Puebla to Lake Chapala, Mexico: A Place Worthy of Return

Jet Metier at Ajijic street with balloonsFrom Puebla, it’s only about 80 miles to Mexico City, and there were plenty of signs encouraging us to visit.  However, with over 21 million people in the metro area and us being on a tight schedule on our way to Lake Chapala more than 420 miles away, we decided it would be better to see Mexico City some other time, and instead pointed our van to the Northern Arc, which, true to its name, curves around the fourth most populous city in the world.

The scenery to each side of the Northern Arc is filled with huge corporate farms and massive granaries.  In front, behind, and to the sides of us on the highway were what seemed like a never-ending parade trucks fully-laden with Volkswagen Transits manufactured in Puebla and on their way to their respective showrooms or perhaps to a loading dock for transport elsewhere.

To the sides of the road were vast expanses with very little in them; basically flat areas with medium-sized volcanic-looking mountains defining the horizon, and in the near view, high desert and hardly any trees.  The few trees that grew naturally looked to be Joshua trees and others that resembled California Pepper and Spruce.  We also saw paddle cactus farms with the cactus packed so closely together we figured that, to harvest them, you would have to start at the edge and move inward.  We were traveling through a huge valley ringed by medium-sized peaks poking up from our already high, plane-like elevation.

Puebla, Mexico, to Ajijic mapFor us, the atmosphere and general feeling of the area was relaxing and mellow, with not much change in the scenery to look at for quite a while.  If you’ve ever driven though the San Juaquin Valley in California, it was a bit like that, but with higher mountains.  The modern highway was very good, so I could drive smoothly at 80 miles per hour, and of course, this being Mexico, I was being passed by motorists going 100 miles per hour.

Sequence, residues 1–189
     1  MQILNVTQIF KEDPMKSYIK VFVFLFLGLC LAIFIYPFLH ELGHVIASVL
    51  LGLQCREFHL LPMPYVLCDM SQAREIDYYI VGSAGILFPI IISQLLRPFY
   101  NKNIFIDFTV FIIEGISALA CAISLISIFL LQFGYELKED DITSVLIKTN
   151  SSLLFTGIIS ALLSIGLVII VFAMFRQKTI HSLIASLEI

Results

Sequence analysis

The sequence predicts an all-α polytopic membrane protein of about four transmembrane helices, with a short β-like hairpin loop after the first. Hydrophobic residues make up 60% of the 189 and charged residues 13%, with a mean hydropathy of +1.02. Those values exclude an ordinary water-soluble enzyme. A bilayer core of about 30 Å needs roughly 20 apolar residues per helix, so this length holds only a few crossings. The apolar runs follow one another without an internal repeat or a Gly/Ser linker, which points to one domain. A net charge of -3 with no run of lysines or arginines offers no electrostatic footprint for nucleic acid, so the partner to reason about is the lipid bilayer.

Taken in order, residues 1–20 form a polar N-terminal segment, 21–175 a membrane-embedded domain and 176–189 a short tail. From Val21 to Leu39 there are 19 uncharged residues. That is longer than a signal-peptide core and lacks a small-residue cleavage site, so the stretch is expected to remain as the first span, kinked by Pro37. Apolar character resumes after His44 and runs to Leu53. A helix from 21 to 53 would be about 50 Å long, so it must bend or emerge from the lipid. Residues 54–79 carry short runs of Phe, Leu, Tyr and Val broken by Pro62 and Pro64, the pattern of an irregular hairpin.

Given that the driving was so non-demanding, my mind had time to wander, as I thought back to a few days earlier, when, on a two-lane highway (one lane in each direction, each with its own shoulder), for the first time ever, I experienced being passed by two cars at the same time; one using the shoulder to the right of me and one passing on the left using the opposing lane of traffic.  In my more than 40 years of driving, I’m quite certain this has never happened to me before, because I would have remembered it.

Speedometer showing 85 miles per hour“Passing cars irrespective of their speed seems to be an imperative for Mexicans,” I thought.

And then I came up with an experiment: what would happen if, instead of going 80 miles per hour, I were going 110 miles per hour?  Would they still pass me?

Fortunately, my wife Jet’s rather impassioned opposition and the fact that our fully packed van couldn’t safely go 110 miles per hour stopped me from performing my ill-advised experiment… but I still do wonder…

High up in the mountains in Temascalcingo, about 75 miles northwest of Mexico City and 3 ½ hours from Puebla (in other words, pretty much in the middle of nowhere), we visited a remarkable rest stop called Café km 118.  We knew immediately we were not at just some ordinary rest stop, because the outside Man at Café km 118 in Temascalcingo, Mexicowas spotless and modern, with a flower wall.  Inside, there were good-looking, fashionably-dressed, tall Mexican customers (especially tall when compared with the Mayans in Yucatan), quite a few of whom seemed to be wearing ski-wear.